Here's a challenge: can you turn your shirt inside out if your hands are tied together?
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Well it's obvious how George the first turned his shirt inside out, but you might be wondering why it worked when George the second did it with his hands tied together. And should the pole really have caused George the third so much trouble? Like so many things, it can all be explained by good old mathematics.
George’s task of turning the shirt inside out with his hands tied together may be simpler than it seems. His shirt comes off his head onto his arms and down the rope.
While it is on the rope, it’s now the right way around…but it’s not yet on George.
However, while it is on the rope it can fairly easily be turned outside in again, by pushing the shirt down one of its own sleeves.
Once back on the rope, it is now inside out – but not yet on George.
He can then reverse his first move and put it back on again, which in the process turns it right way out.
Maths isn’t just about numbers. There’s a major area of maths called topology. This is the study of the properties of space.
It seems that topologists don’t care much about size, texture, shape, distance – they’re interested in very abstract notions of space.
It’s perhaps easier to imagine a topologist's view of the world as made of infinitely stretchable clay. So a cube can be made into a sphere, or a pyramid – so they are the same. A ring can be made into a loop, a doughnut shape, even a doorway – so they are all the same. However, a cube CAN’T be made into a ring without tearing a hole in the middle – so they are not the same.
Basically, it seems that in topology any object is equivalent to any other object if, when it is stretched/deformed, it can take the same shape without tearing apart or having distinct parts stuck together.
Okay – now we think that a topologist might be able to solve George the third’s problem. Like George the second, he’s got his shirt on inside out, and his hands are tied together. However, he’s also got his hands around a pole.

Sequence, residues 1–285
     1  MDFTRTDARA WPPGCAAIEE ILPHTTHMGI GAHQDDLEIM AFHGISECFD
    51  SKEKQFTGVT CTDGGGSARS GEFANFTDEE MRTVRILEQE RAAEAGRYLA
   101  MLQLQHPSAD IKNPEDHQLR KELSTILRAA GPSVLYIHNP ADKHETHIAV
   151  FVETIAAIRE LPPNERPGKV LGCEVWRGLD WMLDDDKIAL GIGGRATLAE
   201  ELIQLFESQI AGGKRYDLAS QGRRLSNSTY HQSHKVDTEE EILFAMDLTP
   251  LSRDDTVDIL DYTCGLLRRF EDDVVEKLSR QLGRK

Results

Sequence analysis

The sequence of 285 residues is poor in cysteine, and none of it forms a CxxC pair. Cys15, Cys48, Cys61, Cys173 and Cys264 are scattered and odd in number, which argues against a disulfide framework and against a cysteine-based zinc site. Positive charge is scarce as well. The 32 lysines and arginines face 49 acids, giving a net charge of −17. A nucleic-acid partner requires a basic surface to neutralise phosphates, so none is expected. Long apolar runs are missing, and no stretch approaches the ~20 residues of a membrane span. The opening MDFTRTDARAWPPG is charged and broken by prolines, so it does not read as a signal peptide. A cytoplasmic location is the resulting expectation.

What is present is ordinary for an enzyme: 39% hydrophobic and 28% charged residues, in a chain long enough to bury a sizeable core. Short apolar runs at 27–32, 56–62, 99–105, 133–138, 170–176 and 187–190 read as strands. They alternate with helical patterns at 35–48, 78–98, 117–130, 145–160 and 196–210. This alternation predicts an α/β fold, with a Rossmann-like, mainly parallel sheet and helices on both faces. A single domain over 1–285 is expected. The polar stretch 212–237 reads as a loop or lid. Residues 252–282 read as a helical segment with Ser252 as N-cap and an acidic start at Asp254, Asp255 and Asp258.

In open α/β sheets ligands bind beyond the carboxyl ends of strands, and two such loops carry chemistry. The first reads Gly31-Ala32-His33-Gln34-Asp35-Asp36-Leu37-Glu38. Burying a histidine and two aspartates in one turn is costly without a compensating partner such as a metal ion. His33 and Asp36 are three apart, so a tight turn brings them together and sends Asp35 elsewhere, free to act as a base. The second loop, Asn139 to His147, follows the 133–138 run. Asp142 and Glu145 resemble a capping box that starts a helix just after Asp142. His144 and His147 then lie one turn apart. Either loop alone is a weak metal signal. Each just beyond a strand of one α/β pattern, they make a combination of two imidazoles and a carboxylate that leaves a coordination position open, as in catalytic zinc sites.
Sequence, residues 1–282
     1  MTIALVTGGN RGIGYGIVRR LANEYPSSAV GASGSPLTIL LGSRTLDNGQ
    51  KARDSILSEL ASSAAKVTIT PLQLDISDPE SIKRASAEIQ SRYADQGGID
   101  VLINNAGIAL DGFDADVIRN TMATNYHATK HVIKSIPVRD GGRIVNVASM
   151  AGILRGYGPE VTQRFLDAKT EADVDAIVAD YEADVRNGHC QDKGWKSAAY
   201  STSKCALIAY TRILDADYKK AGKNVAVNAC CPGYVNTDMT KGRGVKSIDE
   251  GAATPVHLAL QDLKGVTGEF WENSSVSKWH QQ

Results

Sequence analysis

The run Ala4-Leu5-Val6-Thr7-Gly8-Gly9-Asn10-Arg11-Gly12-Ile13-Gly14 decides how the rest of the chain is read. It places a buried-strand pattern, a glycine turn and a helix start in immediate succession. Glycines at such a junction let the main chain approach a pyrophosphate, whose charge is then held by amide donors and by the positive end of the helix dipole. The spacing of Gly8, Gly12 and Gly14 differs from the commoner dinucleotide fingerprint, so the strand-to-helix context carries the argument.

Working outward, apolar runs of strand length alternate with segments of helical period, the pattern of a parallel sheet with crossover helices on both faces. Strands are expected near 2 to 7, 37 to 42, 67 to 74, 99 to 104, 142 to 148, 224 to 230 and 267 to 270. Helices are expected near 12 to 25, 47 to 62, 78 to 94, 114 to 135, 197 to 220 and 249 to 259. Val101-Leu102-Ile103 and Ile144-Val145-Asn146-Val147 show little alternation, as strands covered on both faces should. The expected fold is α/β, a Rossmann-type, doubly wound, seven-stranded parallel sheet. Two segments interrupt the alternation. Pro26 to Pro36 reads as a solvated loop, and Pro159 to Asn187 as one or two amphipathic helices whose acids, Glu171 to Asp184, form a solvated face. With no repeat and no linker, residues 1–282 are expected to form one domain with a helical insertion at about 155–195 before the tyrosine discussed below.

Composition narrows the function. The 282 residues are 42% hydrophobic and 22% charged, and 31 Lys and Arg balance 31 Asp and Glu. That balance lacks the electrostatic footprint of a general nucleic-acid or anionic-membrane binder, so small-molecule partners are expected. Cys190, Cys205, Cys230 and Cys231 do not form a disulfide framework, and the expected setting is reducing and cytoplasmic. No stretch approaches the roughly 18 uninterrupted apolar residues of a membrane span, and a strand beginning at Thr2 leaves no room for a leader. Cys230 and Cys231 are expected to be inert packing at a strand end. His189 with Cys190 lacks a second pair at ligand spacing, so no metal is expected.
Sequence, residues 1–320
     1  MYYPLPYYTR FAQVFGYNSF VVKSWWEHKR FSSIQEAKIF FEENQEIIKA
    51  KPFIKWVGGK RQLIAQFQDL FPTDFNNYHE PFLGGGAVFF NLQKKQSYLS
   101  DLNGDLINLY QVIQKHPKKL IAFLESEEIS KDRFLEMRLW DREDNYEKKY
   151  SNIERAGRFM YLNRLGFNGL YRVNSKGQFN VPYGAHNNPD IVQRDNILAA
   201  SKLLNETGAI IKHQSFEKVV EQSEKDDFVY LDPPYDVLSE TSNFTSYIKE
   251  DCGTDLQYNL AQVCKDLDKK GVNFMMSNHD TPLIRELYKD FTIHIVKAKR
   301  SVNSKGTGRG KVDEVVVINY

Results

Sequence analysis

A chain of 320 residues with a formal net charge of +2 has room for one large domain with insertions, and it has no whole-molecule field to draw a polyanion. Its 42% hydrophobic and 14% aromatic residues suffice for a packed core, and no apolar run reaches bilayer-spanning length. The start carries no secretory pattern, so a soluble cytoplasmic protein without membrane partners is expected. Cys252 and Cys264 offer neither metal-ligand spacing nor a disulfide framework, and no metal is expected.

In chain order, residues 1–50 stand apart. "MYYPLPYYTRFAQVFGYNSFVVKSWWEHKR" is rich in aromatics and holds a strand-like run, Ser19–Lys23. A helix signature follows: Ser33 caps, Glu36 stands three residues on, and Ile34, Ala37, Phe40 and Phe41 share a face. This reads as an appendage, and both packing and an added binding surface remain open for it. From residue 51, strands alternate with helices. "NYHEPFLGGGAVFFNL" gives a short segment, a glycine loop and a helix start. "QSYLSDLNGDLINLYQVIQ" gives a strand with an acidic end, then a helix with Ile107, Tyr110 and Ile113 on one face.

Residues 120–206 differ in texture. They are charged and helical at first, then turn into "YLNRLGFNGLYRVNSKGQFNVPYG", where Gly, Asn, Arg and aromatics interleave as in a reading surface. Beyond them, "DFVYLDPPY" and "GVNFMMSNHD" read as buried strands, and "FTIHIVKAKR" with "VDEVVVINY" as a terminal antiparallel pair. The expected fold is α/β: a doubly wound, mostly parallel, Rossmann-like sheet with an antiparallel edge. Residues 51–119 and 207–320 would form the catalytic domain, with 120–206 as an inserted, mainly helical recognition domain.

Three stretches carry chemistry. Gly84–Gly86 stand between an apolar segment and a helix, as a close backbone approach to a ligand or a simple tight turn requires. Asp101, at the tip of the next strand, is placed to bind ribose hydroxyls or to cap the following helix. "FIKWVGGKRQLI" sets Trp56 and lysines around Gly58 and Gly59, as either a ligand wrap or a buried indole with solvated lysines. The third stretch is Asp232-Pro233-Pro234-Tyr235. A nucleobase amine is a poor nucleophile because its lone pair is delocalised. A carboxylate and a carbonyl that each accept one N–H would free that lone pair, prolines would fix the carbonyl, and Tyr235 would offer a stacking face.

Let’s start with how a topologist might describe George the second. To a topologist:
- George the second (with his rope) is just part of a ring – formed by his arms and the rope.
- His head and lower torso are just odd, unfortunate lumps on the ring.
- Around this ring is another ring – his shirt – which could be stretched and rolled.
- His ‘shirt’ ring could easily twist around – turning outside in and inside out.
So if his head and body are shrunk down then his shirt can slide all along the ring, made of rope and arms (with a tiny head and tiny body), without any fuss, like his head or body getting in the way.
The closest George the second gets to this in the real world is when he’s removed the shirt over his head and the shirt is sitting on the rope in front of him – where is can easily twist around and be turned outside in – and then place back on again.
To a topologist, George the third is just the same as George the second – except the ring his arms and rope make now also circles around a pole (think of it as another infinite ring).
Now, a topologists could repeat what happened with George the second. He shrinks his head and torso – allows the shirt to sit on the ring and twist outside in again. The pole seems irrelevant to completing the task in the world of topology.
Of course, George is not an ideal topological object – but subject to the constraints of the real world (he can’t be stretched and shrunk).
The fact that George the third can’t morph the shape of his body into a ring may mean he'll be stuck around the pole for some time…
Though you might want to think about this: if the shirt had been very stretchy would a real world George have managed to turn it outside in and put it back on again (if for example, he could pass his body down the sleeve?)
What could you do next?
- Can you get out of the George the third challenge – post your clips on the 'Mathematical Striptease' You Tube page
- Post clips of other topological challenges
- Check out the mathematics courses at the Open University